SE Speed Estimate Estimate the speed according to the wheel and laser sensors.
PV Position Voter Get the data from the two redundant GPS and output the actual position of the car. Vote is the position of both GPS is correct: if both are the same, output the value, if one GPS is out, get the data from the other. If both are out, do not ouput anything.
ST Speed Threshold Compute the actual speed threshold threshold according to the geographical position (altitude, hills), speed limits and actual speed.
TOE Time to Obstacle Evaluation Compute the actual time to an obstacle if there is any obstacle.
ED Emergency Detection Detect if there is an emergency. An emergency is defined by a potential obstacle the car might reach within 10 seconds.
SC Speed Controller Sends command to the brake or acceleration device according to the emergency report, the current position, the speed and the speed threshold.
WA Warning Activation Activate a warning device to notify passengers for an incoming potential threat.
WD Warning Device Device that announces an expected emergency event.
BD Brake Device Activate the car brakes
AD Acceleration Device Accelerates the car/increase the speed.


Timing Constraints

Each function is executed periodically. The Period of each function is reported in the following table.


Function Identifier Function Name Execution Time / MIPS Budget
OIA Obstacle Image Acquisition 50ms
ODE Obstacle Distance Evaluation 10ms
OD Obstacle Detection 100ms
SE Speed Estimate 8ms
PV Position Voter 12ms
ST Speed Threshold 4ms
TOE Time to Obstacle Evaluation 80ms
ED Emergency Detection 4ms
SC Speed Controller 5ms
WA Warning Activation 2ms
BR Brake 2ms
AC Acceleration 2ms
WD Warning Device 500ms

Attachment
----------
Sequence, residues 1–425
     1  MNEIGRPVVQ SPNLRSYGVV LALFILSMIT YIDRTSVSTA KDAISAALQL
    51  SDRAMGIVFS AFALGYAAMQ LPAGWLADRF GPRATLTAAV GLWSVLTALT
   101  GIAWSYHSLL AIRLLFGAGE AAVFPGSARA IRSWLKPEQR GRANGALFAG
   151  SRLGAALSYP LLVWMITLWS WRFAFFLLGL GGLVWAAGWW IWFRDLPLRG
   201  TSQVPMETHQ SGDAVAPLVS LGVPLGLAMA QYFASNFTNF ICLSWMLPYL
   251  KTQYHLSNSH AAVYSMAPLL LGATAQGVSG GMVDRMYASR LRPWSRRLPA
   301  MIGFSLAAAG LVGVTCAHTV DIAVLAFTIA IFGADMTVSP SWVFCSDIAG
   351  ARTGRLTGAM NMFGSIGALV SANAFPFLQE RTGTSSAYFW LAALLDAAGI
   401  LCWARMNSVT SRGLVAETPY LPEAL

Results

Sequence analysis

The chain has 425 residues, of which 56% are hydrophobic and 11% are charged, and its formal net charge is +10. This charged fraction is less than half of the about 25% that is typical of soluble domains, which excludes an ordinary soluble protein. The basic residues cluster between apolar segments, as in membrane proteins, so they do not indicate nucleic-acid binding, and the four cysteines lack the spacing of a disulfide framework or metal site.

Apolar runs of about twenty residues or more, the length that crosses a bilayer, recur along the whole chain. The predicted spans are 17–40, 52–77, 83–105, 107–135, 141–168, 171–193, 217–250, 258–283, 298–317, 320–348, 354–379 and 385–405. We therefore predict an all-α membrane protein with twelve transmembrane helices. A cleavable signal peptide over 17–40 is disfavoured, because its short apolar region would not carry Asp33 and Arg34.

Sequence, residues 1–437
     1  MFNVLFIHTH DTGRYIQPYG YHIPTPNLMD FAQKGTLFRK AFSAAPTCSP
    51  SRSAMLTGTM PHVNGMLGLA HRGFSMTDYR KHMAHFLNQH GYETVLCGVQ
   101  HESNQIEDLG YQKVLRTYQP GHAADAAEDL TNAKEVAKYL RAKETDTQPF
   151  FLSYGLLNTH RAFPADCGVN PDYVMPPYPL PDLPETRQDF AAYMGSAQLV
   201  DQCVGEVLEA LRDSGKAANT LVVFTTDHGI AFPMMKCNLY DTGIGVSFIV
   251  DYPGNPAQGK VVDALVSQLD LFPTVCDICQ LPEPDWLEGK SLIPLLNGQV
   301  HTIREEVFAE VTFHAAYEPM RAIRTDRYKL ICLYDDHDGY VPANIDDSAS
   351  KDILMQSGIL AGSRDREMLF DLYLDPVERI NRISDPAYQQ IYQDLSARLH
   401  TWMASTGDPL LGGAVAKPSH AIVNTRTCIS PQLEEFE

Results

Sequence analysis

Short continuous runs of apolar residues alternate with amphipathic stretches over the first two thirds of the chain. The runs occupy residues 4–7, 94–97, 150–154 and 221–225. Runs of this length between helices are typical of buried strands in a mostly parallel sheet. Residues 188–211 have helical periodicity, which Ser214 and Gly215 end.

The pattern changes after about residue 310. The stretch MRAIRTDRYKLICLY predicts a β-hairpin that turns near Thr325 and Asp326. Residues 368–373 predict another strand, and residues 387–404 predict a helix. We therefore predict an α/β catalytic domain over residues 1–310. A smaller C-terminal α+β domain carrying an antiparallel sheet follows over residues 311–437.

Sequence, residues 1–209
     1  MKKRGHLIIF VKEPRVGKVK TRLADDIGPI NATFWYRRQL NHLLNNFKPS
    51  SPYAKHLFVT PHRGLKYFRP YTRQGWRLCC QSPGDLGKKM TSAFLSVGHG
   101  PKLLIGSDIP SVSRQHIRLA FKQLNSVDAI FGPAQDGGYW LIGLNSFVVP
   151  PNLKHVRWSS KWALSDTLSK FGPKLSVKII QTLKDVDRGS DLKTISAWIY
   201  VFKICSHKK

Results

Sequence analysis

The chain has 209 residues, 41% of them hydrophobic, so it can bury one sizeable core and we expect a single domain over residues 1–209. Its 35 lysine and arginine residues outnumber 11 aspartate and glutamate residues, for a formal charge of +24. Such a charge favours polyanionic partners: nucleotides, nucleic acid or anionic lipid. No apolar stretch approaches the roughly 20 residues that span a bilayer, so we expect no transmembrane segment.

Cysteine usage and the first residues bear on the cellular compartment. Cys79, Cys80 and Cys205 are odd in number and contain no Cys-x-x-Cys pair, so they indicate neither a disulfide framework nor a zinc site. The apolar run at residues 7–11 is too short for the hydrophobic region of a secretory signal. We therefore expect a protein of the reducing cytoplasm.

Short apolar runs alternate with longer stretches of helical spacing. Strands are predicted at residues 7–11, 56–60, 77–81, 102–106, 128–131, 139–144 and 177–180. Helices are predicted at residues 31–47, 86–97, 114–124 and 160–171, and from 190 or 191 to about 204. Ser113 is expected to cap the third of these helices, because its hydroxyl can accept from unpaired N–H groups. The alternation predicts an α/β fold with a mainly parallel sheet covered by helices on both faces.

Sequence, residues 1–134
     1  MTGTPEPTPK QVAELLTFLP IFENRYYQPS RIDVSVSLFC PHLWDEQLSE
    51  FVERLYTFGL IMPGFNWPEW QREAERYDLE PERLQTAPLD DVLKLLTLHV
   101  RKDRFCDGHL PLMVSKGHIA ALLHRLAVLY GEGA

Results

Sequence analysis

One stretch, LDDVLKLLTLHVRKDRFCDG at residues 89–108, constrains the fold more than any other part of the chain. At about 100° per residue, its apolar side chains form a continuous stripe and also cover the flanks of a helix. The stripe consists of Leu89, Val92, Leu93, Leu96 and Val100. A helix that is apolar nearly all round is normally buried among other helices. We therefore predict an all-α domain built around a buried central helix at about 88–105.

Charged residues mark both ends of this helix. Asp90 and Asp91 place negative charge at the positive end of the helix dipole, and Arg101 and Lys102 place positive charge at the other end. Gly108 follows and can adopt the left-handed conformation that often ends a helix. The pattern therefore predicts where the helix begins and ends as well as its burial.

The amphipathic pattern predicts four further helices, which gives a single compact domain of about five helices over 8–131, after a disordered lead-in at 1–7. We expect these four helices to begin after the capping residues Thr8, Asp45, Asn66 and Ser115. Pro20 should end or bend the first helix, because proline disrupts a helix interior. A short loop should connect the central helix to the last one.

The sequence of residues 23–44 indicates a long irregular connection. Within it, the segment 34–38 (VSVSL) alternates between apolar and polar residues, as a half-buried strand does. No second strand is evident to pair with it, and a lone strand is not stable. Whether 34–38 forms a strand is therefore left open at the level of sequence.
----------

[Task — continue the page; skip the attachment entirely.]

Deployment Alternatives

We deploy this functional architecture on different execution platforms. The first one has only two ECUs that communicates through one bus while the other has three ECUs with two buses. We consider that a ECU has a capacity of 50 MIPS and that a can bus can transport at best 500 kbps. Interested users can refer to resources listed to compute an estimation of the CAN bus bandwidth according to their application needs.

Alternative 1: two ECUs, one fast bus

The first architecture alternative specifies a system deployment policy over 2 ECUs that communicate over a shared bus. Functions allocation policy is the following:

  • ecu1 executes the following functions: image_acquisition, radar_acquisition, speed_estimate, position_voter and obstacle_detection
  • ecu2 executes the following functions: speed_threshold_calculation, speed_controller, emergency_detection, warning_activation, obstacle_distance_evaluation

A CAN bus then transports all the data that is transfered between functions located on different ECU. We consider the following requirements for the CAN bus:

  • Bandwidth capacity of 500000 bps
  • Transmission time: 30 ms max to acquire the bus and 10 us max to send a byte


First Architecture Alternative
First Architecture Alternative


Alternative 2: three ECUs, two buses

The second complete architecture specifies a system deployment policy over 2 ECUs that communicate over a shared bus. Functions allocation policy is the following:

  • ecu1 executes the following functions: image_acquisition, radar_acquisition, speed_estimate and obstacle_detection
  • ecu2 executes the following functions: position_voter
  • ecu3 executes the following functions: speed_threshold_calculation, speed_controller, emergency_detection, warning_activation, obstacle_distance_evaluation